Skinning, cleaning and boning a fresh-killed deer on your own has evolved into kind of a rural art form in recent years. Today, with whitetail populations at record-high levels and hunters collecting more deer than ever before, many sportsmen have learned that processing a deer for the grill or freezer is no big deal.
In fact, my mother, Phyllis, could clean a buck with the best of ’em, which sometimes made for humorous moments around city folks. When cocktail party patrons in Chicago (where she lived, though she was raised in rural North Carolina) heard she cleaned deer, their eyebrows would rise, questioning her skills. But she’d look ’em right in the eye, and say with authority, “Cleaning a buck is just like cleaning a big rabbit — ’cept the meat’s heavier.”
Today a lot of deer hunters take great pride in doing it all afield, from leasing land, to scouting it, placing stands, making deadly shots, recovering game, and processing venison exactly the way they want it. In a primitive sort of way, some hunters actually find it kind of enjoyable.
Not only are deer cut into portions the way a hunter prefers, but an animal also is cleaned quicker and cooled faster. In regions where the closest commercial butcher is a long drive away, on-your-own processing is the most practical way of dealing with harvested game. Moreover, during the height of the season in a good deer camp with 20 or 30 hunters, it’s not unusual to have a dozen or more deer hanging by the end of a weekend. Lugging all that venison to a processor is a time-consuming and expensive chore. So do it yourself —it’s not difficult and even can be done quickly to provide meat for dinner the night of a successful hunt.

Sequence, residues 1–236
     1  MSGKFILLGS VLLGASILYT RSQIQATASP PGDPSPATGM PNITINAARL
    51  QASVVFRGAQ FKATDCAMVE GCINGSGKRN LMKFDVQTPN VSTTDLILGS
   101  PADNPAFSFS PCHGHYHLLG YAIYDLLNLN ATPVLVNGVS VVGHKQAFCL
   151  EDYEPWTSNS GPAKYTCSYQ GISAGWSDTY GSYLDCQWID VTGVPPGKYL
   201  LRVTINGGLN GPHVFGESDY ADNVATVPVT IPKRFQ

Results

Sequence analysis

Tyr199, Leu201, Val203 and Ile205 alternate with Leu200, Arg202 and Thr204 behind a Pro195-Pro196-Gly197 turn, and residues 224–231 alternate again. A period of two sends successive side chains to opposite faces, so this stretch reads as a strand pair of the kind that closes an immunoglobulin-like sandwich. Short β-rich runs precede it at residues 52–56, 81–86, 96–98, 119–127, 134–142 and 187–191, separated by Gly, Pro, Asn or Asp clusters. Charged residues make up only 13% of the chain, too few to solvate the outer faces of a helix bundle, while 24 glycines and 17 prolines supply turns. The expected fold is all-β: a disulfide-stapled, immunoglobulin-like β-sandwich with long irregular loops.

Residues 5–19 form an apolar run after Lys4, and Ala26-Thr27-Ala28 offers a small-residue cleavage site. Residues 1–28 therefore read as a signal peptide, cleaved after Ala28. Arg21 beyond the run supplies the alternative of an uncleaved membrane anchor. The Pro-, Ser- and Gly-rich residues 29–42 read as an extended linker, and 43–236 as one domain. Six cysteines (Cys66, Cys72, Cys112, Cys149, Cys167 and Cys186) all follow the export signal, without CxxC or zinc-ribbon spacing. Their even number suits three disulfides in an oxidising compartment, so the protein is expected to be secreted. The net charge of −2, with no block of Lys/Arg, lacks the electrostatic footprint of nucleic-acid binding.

I’ve seen guys who could skin and quarter a deer in under eight minutes, and I’ve viewed video clips of pros doing it in less than three minutes. My son and I can do a whole deer, working together, in about 30 minutes, because for us this is no race. In fact, there’s a special satisfaction in cleaning and boning a deer on your own — as it harkens back to old rural ways when a man was measured much by his self-reliance.